COFFIN, TOMB, OR CEMETERY
Something has died in the dreamer’s life. Everything will be fine if you accept it and move forward strongly.

COMET
A great change is coming in the life of the dreamer. It will be beneficial, but could bring a sudden loss of something, a disruption, or an unexpected turn.

CORPSE
Something has died and is rotting in your life. You should determine what it is and act immediately to “bury” it.

CLIMBING
The dreamer is searching for greater satisfaction from life. This image is very positive and signifies inner growth and advancement.

CRUISE
Higher spiritual growth and transformation. If the ship moves quietly over calm waters, the dreamer will find little stress in their life. If the waves are rough, on the other hand, it foretells tensions.

CUP or CHALICE
Divine blessing; very positive if it is gold or silver. If it is broken, it means the blessing will be rejected.

DANCING
Happiness and fun in the dreamer’s life.

DAGGER or WEAPON
Personal violence. Denotes that the dreamer is furious and holds feelings of aggressiveness inside.

DAWN, SUNRISE
A new start, either in a relationship or a job.

DAWN, SUNRISE
A new start, either in a relationship or a job.

DEAFNESS
The dreamer is ignoring the good advice of a friend or loved one. Indicates that you don’t want to hear a truth you are being told in real life.

DEMON
Symbolizes the lower passions such as jealousy, resentment, or vengeance. The dreamer should remove these from their life as soon as possible.

DESERT
Spiritual aridity in some aspect of the dreamer’s life. A way of avoiding it is to find a manner of achieving more productivity and spiritual wealth.

DARKNESS
Absence of divinity and saintliness. Ignorance. The more darkness that appears in the dream, the less spiritual illumination the dreamer will have.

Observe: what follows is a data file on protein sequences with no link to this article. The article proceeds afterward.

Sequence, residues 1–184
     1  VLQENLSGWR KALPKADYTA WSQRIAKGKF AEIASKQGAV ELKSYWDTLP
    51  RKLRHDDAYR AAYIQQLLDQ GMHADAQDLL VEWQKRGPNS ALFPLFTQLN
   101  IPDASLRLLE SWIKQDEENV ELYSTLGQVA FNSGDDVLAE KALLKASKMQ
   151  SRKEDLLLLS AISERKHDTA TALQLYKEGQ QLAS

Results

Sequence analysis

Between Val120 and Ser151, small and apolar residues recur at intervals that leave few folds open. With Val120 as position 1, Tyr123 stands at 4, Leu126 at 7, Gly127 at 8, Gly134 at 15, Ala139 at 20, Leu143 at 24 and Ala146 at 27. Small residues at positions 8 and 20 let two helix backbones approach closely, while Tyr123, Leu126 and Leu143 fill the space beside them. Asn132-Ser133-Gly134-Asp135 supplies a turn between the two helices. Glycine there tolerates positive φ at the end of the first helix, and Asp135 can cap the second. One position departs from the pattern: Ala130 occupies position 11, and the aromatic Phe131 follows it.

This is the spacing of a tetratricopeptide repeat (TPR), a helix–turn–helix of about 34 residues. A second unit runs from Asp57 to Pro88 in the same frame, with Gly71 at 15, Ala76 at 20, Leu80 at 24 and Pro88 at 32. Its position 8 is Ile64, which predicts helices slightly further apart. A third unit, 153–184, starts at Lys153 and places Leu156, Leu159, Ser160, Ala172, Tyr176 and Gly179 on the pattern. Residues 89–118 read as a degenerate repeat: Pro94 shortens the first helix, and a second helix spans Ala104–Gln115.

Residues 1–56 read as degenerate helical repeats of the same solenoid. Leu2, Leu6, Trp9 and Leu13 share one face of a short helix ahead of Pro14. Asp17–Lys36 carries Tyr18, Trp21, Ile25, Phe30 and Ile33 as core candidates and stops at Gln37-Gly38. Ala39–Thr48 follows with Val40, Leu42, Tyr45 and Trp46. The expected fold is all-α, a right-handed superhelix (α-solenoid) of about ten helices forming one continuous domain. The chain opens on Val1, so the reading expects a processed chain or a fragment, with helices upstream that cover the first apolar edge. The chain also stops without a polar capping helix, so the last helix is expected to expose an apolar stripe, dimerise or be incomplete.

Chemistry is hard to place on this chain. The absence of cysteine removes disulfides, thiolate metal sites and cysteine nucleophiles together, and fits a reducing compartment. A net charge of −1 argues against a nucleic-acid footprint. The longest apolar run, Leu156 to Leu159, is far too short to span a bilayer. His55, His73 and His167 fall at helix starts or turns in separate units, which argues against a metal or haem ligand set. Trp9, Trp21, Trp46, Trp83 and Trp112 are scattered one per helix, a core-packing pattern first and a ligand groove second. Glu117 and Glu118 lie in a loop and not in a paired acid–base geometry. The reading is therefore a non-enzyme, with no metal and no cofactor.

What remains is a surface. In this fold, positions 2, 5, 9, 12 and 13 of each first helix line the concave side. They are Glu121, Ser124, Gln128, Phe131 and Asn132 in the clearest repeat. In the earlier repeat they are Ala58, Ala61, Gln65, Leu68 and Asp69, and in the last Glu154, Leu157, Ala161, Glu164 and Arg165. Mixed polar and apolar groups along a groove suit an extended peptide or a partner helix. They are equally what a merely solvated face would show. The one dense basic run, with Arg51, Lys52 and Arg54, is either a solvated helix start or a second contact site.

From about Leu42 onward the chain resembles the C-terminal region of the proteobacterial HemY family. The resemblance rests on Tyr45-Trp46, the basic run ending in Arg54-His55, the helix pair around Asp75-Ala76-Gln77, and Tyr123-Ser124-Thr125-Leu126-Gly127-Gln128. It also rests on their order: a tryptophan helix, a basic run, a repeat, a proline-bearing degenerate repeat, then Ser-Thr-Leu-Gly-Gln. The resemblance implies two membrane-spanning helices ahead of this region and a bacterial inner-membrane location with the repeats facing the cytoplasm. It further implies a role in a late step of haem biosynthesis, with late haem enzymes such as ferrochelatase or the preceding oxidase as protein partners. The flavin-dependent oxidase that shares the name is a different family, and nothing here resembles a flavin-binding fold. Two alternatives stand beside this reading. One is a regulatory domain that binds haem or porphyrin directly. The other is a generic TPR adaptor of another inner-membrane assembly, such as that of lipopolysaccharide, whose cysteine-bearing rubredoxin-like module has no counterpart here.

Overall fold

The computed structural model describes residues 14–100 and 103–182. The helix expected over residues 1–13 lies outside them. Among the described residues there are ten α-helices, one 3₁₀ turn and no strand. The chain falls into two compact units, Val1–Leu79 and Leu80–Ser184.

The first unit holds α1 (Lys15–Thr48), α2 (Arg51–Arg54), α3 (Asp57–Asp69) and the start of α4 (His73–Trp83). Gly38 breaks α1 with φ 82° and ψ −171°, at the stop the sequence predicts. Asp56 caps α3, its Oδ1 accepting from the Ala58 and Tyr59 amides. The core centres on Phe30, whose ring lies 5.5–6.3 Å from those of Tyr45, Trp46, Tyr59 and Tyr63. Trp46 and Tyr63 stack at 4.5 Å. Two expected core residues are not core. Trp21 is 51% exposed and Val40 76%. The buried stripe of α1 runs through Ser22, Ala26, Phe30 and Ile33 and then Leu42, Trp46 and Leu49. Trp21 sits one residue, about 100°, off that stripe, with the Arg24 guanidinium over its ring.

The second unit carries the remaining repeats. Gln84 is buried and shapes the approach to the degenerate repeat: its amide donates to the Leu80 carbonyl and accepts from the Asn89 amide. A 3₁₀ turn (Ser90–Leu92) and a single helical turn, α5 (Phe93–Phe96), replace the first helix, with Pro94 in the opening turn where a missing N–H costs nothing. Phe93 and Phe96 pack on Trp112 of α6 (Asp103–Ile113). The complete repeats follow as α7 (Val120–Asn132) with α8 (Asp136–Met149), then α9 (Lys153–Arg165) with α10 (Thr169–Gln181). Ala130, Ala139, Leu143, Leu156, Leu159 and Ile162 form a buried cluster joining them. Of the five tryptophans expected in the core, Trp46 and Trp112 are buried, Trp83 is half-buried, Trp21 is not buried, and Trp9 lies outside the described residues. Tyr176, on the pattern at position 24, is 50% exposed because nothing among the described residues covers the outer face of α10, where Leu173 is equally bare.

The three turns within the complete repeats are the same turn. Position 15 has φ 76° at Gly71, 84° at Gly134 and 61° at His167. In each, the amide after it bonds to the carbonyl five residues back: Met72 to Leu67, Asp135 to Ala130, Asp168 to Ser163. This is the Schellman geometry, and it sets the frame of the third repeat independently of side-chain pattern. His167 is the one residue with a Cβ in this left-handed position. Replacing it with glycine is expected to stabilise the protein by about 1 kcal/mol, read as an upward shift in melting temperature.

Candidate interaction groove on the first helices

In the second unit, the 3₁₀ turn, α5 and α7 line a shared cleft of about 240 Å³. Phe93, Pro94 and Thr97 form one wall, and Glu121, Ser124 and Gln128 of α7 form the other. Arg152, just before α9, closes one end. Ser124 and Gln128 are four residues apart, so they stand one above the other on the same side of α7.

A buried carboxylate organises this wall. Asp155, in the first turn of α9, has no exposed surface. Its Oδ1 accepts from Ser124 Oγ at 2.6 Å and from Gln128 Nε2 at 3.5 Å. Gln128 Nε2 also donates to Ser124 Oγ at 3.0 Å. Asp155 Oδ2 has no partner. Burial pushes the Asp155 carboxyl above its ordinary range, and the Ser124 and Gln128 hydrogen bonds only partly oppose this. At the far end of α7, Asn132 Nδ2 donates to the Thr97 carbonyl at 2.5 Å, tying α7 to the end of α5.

DOOR
A barrier that can be overcome with willpower. Closed doors symbolize a lack of the right attitude when approaching a certain situation.

DOVE
Peace in general; pacific resolution of a particular situation. DUST. Humility before the greatness of God. Associated with destiny. It reminds you that you should cultivate qualities of deference and submission.

DRAGON OR MONSTER
Demonic or spiritually negative forces, such as black magic or malevolence. The dreamer should avoid any matter in life related to such aspects.

EAGLE
Imagination and creativity. If it flies very high it represents a greater emergence of these qualities; an eagle nest is safe place to strengthen them.

EARTH
The world is means of life, where all creatures must fight for their existence. Indicates that the dreamer has too many mundane worries.

ECHO
Everything you do echoes and has repercussions in the hidden worlds. Dreams of this kind remind you of said spiritual truth.

ELDER
Eternal wisdom, especially religious. The dreamer should seek this quality in their life.

EYE
A human eye represents that the dreamer has a correct judgment about some matter or situation. If the eye is wounded or blind, it means the opposite.

FALLING
The dreamer is falling in a lower level of consciousness and feels negative emotions such as rage, pride, or fear. Without exception, it is a negative symbol.

FISH
Abundance and material blessing in the dreamer’s life. Money,

FISH
Abundance and material blessing in the dreamer’s life. Money, properties, and other possessions will increase.

FIRE